Gwen’s Girls Empowering At-risk Youth
Jul 31, 2017 08:25PM
● By Clare Heekin Lynch
In 1973, Gwendolyn Elliott became one of the first African-American police officers in the country. She worked hard to break barriers and eventually rose in the ranks to become the first woman promoted to sergeant and, ultimately, commander.
During her time with the Pittsburgh Police, Elliott not only protected the community, but worked to uplift families in need–particularly the young women and girls she encountered on a daily basis. “She was determined to give them a better life–not just for themselves, but for their children and future generations to come,” said daughter Kathi Elliott, DNP, MSW, CRNP.
In 2002, Elliott’s dream came true with the opening of Gwen’s Girls, an agency that gives at-risk girls the programs and services that they desperately need to tackle racial and gender disparities.
Now in its 15th year, the organization continues to work tirelessly to break down the barriers that these young women face not only in the educational system, but in social services and juvenile justice systems as well. “While my mom is no longer with us, her spirit lives on in the lives of our girls and their families,” said Dr. Elliott, who serves as the executive director of Gwen’s Girls.
According to the Girl Scout Research Institute, more than four in 10 girls in the United States are living below the poverty line. “This impacts their health, their happiness and, most importantly, their potential for future achievements,” said Dr. Elliott.
The study also found that more girls now live in single-parent families– 34 percent compared with 32 percent in 2007. African-American girls are the most likely to live in poverty while Caucasian girls are the least likely.
In advocating against the inequalities that African-American girls face in the Allegheny County region, Dr. Elliott has utilized her nursing and social work background to both refine and develop resources to help these girls succeed. “Gwen’s Girls offers holistic programs, education, and experiences. More importantly, we offer a safe space where girls and young women can form relationships, build self-esteem, and gain resiliency,” she said.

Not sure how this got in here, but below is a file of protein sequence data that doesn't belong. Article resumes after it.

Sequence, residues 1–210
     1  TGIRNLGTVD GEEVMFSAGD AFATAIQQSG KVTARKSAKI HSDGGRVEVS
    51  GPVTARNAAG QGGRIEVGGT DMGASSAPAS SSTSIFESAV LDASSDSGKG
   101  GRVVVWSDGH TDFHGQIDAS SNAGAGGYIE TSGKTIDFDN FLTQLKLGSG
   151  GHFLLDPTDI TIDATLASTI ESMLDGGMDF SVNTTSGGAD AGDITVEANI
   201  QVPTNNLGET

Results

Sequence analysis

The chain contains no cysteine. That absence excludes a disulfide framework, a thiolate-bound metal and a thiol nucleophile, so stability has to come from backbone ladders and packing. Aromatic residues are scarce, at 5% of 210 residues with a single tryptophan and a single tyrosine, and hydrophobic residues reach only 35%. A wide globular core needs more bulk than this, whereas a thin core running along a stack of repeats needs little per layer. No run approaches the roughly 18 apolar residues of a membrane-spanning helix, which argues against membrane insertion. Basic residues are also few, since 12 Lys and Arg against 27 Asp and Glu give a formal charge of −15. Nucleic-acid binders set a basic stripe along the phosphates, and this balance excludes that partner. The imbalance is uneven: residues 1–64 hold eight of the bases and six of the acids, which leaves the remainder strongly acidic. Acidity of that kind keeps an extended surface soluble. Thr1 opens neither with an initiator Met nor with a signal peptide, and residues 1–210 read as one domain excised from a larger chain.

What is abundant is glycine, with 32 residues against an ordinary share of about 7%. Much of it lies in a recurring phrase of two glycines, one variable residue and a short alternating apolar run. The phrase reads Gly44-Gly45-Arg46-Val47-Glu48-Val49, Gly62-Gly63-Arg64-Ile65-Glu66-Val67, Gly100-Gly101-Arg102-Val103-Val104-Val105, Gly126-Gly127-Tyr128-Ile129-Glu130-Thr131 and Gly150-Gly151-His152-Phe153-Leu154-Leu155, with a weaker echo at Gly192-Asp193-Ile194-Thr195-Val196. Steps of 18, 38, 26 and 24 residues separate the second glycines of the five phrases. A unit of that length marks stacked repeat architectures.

Since 2002, the organization has helped more than 5,000 young women avoid the traps of poverty through after-school programs, in-school classes and academic support, health and wellness events that serve the physical, mental, social, and emotional issues many face, and relationship management and resolution support. “If we don’t address the importance of building and nurturing a strong family unit or support system, then how can these women evolve to become stable, productive members of their communities?” asked Dr. Elliott.
She also stressed the importance of working together through partnerships with other institutions and providers in the region. “Through an annual Equity Summit, local groups and individuals assemble to highlight the needs of today’s young women, and we work collectively to figure out how to break down the barriers they face,” she said.
One recent program hosted by Carnegie Mellon’s Girls of Steel Robotics Team proved to be a real eye-opener for some of the Gwen’s Girls’ students. “Our participants learned how to build a robot during a week-long program, and while many of the girls didn’t want to get involved, we encouraged them not to knock the experience until they tried it,” explained Dr. Elliott. “At the end of the week, you could see a change in their behavior and attitude–they were confident and felt self-empowered. That’s what our group is all about!”
Through the creation and success of Gwen’s Girls, Gwen Elliott proved that when given the opportunity, any girl can succeed. “My mom has touched many by her compassion and dedication to making the world a better place, and her spirit comes through every day when we help yet another young woman,” said Dr. Elliott.
For more information about Gwen’s Girls, visit www.gwensgirls.org.